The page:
Key clinical point: Omega-3 fatty acids may be effective in improving cognitive function and boosting levels of brain-derived neurotrophic factor (BDNF) in patients with schizophrenia and metabolic syndrome.
Major finding: At 12 weeks, a significant association was observed between omega-3 fatty acid treatment and enhanced delayed memory factor (Fgroup × time = 6.82; P = .01). Omega-3 fatty acid treatment was associated with a significant improvement in BDNF (P = .03) and reduction in the levels of C-reactive protein (CRP; P less than .01), interleukin-6 (IL-6; P less than .004), and tumor necrosis factor-alpha (TNF-α; P =.012).
Study details: Patients with schizophrenia and metabolic syndrome were randomly assigned to receive omega-3 fatty acids (n = 37) or placebo (n = 35). Changes in BDNF, CRP, IL-6, and TNF-α levels from the baseline to 12 weeks were assessed.
Disclosures: The study was supported by the National Key Research and Development Program of China; the National Natural Science Foundation of China; the Shanghai Science and Technology Commission Foundation; the Shanghai Municipal Education Commission—Gaofeng Clinical Medicine Grant Support; the Shanghai Municipal Commission of Health and Family Planning Foundation; and the Shanghai Municipal Commission of Health and Family Planning, Key Developing Disciplines. The authors declared no conflicts of interest.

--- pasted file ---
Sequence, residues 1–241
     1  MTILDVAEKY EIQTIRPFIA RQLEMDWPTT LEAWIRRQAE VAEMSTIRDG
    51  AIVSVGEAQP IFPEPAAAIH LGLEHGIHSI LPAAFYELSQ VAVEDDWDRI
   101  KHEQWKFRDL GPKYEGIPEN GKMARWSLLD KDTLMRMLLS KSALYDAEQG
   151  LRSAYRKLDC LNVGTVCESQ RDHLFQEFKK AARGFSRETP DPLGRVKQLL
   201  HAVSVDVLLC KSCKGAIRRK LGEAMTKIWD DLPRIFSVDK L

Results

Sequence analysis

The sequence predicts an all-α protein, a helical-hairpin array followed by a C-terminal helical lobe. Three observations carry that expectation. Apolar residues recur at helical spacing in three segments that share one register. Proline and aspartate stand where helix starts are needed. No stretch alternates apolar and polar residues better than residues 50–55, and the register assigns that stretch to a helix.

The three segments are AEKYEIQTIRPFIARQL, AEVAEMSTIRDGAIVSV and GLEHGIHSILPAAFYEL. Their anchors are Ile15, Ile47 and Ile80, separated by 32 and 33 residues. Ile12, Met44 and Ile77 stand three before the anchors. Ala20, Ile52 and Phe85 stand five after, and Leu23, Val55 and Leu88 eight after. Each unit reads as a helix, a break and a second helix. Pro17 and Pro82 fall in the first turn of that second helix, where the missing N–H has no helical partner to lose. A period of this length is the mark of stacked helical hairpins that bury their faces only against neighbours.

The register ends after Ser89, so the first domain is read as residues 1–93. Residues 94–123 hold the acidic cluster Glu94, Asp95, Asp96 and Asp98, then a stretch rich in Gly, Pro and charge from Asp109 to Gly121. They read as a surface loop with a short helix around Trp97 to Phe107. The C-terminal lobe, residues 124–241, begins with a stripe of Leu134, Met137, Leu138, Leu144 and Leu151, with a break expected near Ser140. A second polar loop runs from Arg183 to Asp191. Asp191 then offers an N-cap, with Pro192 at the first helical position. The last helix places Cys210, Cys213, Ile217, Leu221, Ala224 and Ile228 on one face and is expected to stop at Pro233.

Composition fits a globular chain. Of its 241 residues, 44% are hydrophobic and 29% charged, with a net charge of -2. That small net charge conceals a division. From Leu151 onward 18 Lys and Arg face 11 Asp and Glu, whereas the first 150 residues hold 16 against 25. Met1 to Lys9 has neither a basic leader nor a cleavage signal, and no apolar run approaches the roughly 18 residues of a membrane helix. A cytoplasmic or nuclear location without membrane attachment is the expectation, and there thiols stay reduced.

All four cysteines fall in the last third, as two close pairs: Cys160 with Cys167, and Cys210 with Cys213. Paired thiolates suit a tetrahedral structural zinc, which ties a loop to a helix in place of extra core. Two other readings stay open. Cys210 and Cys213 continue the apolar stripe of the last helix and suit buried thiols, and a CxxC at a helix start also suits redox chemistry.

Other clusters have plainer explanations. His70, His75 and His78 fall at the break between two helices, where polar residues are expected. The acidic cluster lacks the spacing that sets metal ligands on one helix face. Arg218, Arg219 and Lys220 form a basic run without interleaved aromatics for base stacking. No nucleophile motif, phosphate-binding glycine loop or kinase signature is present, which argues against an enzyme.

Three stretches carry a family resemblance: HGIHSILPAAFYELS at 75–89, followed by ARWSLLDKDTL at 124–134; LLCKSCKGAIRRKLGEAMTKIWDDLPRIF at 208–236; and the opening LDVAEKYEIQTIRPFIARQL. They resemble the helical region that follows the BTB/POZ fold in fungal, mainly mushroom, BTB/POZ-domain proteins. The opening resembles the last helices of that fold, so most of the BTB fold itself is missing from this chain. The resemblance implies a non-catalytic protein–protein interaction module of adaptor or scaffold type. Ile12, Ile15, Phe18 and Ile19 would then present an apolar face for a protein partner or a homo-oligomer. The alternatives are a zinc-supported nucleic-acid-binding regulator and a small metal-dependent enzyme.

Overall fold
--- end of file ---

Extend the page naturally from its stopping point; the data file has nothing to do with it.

"Metabolic syndrome is common among individuals in schizophrenia and has a variety of negative outcomes, including poorer functioning and premature mortality due to medical complications. Omega-3 fatty acids have been associated with a variety of potential beneficial effects in people with serious mental illness, including schizophrenia. These authors examined effects on inflammatory biomarkers and brain derived neurotrophic factor (BDNG), a marker of neuronal integrity, positing that anti-inflammatory and neuroprotective effects would be associated with omega-3 fatty acids among individuals with schizophrenia and metabolic syndrome. While interpretation should be tempered by study methodological limitations such as small sample size, findings add to the growing literature on the potential role of omega-3 fatty acid for individual with serious mental illness. "
Martha Sajatovic, MD
Professor of Psychiatry and of Neurology
Willard Brown Chair in Neurological Outcomes Research
Director, Neurological and Behavioral Outcomes Center, University Hospitals Cleveland Medical Center
Case Western Reserve University School of Medicine
Tang W et al. Brain Behav Immun. 2020 Apr 15. doi: 10.1016/j.bbi.2020.04.034.